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Firstly, I apologise for the title, and trust me I’m no Boyz 2 Men fan, the reason for this title will become apparent in the video at the end of the post.
However, I make no apologies whatsoever for pushing this cause.
Over the last couple of months we have been hearing a lot about abuse, and misogyny, and despite these being ugly subjects, I think it is good to bring these subjects to light. It is only by acknowledging and then working together that we can have any serious impact on reducing the statistics of these heinous acts.
Coming up on the 25th November is White Ribbon Day.
White Ribbon Day is a day that we campaign to end the violence towards women, and I hope all who read this will support the cause, both women, and particularly the men.
This is a day that there should not be any debate about, it should have bi-partisan support. Whether you are married or single, gay or straight, one thing we all have in common, no matter what your background, as we all have a mother.
I’m not going to try and tell you how White Ribbon Day came to be, or to tell you its significance, I will leave that to someone far more qualified than I.
Below is the Hansard Transcipt of a speech made by NSW Labor MP and MLC, The Honorable Peter Primrose on November 13th.
Peter is a member of my local Labor branch, a tireless worker for many causes, a strong voice for a State that needs one, I’m proud to say a mate, and he is also an Ambassador for White Ribbon Day.
On the afternoon of 6 December 1989 a young man walked into a university in Montreal, Canada, armed with a semiautomatic rifle and a hunting knife. He entered a classroom, separated the male and female students, stated that he was “fighting feminism” and opened fire. Six women were killed in that classroom and a total of 14 women were murdered by him that day. His actions traumatised a nation and highlighted the issue of violence against women around the world. In 1991 a handful of men in Toronto launched Canada’s White Ribbon campaign, an annual violence against women awareness raising event held between 25 November and 6 December—the anniversary of that Montreal massacre. Eight years later, in 1999, the United Nations General Assembly declared 25 November the “international day for the elimination of violence against women” with the now iconic white ribbon as its symbol. White Ribbon Day began in Australia in 2003 as part of UN Women and formally became a foundation in 2007.
It is now Australia’s only national male-led campaign to prevent violence against women. White Ribbon believes in the goodness of most men. It believes that good men reject violence against women and are willing to act to prevent it. White Ribbon believes in the capacity of the individual to change and to encourage others to change. The campaign is focused on primary prevention. In other words, it works to change our culture to stop the violence before it occurs with activities in schools, workplaces and the broader community.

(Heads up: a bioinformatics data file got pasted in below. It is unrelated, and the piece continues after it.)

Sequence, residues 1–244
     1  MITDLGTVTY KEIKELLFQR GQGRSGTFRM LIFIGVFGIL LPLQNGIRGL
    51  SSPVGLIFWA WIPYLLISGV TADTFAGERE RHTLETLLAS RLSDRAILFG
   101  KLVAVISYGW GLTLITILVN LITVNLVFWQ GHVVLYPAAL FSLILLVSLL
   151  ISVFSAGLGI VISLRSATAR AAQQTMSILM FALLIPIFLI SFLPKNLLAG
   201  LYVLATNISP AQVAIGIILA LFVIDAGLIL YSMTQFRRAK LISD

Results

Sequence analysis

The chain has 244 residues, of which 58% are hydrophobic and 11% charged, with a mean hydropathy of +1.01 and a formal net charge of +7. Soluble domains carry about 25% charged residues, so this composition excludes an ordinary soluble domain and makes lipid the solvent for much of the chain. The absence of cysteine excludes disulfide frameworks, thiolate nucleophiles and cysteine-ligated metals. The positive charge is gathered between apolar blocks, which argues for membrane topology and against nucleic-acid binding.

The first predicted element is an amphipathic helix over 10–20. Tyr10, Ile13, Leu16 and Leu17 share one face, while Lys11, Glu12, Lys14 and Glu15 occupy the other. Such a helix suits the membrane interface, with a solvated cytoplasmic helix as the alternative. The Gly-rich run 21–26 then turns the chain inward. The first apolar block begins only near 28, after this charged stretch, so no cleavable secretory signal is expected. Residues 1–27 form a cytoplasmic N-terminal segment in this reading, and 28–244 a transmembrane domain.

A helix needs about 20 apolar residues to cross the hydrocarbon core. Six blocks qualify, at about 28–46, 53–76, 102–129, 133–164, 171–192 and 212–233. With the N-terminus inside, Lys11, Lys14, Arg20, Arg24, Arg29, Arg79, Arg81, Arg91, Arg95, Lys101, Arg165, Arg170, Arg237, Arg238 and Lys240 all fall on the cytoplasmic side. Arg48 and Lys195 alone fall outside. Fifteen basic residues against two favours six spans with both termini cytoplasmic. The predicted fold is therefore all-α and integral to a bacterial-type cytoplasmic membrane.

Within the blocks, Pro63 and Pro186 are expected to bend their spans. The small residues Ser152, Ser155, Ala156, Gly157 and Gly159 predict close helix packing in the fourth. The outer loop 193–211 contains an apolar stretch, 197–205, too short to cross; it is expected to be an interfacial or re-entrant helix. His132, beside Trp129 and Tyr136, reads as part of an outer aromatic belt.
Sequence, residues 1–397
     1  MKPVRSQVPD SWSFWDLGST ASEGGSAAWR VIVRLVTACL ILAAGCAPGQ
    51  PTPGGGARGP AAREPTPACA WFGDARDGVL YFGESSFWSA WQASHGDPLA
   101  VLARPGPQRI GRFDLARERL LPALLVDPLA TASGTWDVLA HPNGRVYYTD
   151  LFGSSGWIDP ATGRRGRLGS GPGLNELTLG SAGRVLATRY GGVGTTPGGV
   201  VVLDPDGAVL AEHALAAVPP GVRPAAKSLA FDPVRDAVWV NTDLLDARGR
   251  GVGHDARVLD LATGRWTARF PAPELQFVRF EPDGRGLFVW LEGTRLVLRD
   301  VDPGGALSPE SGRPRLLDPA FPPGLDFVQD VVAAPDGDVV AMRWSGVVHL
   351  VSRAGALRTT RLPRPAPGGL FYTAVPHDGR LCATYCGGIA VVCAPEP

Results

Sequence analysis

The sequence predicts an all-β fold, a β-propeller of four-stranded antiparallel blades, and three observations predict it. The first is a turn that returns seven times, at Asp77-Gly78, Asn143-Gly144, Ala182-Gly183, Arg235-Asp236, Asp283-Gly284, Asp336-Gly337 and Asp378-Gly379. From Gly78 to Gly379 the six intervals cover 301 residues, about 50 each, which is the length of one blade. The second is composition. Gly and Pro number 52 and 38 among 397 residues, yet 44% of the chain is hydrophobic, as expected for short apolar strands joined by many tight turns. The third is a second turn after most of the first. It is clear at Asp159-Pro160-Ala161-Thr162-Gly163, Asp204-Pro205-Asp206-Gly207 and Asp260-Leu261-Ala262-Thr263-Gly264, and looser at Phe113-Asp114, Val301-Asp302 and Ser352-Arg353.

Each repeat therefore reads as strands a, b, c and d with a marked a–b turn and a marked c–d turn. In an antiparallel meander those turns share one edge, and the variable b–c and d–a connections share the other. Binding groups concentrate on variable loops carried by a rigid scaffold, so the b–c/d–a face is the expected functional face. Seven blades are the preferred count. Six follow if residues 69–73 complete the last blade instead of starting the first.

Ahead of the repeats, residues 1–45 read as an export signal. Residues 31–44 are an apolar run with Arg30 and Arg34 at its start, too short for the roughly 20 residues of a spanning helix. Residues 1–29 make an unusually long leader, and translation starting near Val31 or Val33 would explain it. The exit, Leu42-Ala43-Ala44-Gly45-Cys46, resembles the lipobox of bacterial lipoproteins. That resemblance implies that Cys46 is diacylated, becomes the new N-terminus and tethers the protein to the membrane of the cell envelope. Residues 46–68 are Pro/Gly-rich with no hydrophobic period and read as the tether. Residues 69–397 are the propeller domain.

The 1993 United Nations Declaration on the Elimination of Violence against Women defines “violence against women” as:
“Any act of gender-based violence that results in or is likely to result in physical, sexual or psychological harm or suffering to women, including threats of such acts, coercion or arbitrary deprivation of liberty, whether occurring in public or private life.”
Violence does not refer just to physical acts; it refers also to non-physical acts including emotional, verbal and financial abuse, sexual discrimination and forced isolation. Every year White Ribbon runs an awareness campaign about the issue of violence against women and the role men can play in preventing such violence. In 2012 White Ribbon encourages men to stand up to violence against women with the knowledge that thousands of good men have resolved to do the same. White Ribbon’s new campaign highlights that men can challenge their mates and others in a way that does not endanger their own safety, knowing that there are many good men who support their actions. The chain starts with good men standing up and letting the perpetrators know that violent attitudes and behaviour towards women are never acceptable in any circumstances.
Violence against women is a grave problem. One Australian woman is killed every week by a current or former partner. One in three women over the age of 15 report physical or sexual violence at some time in their lives. One in four young people have witnessed violence against their mother or stepmother. Two-thirds of women who experience domestic or family violence are in paid work. Domestic and family violence is the major cause of homelessness for Australian women and children. According to KPMG, violence against women and children cost the Australian economy $13.6 billion in 2009 and if no action is taken to prevent it that sum will increase to $15.6 billion per year in 2021.
I am proud to be one of the many White Ribbon ambassadors. The violence perpetrated by men against women must stop and it is up to men to stop it.
I know I’m probably preaching to the converted, but I hope you all support this cause.
Please share it, post it, tweet it or whatever, just spread the message around.
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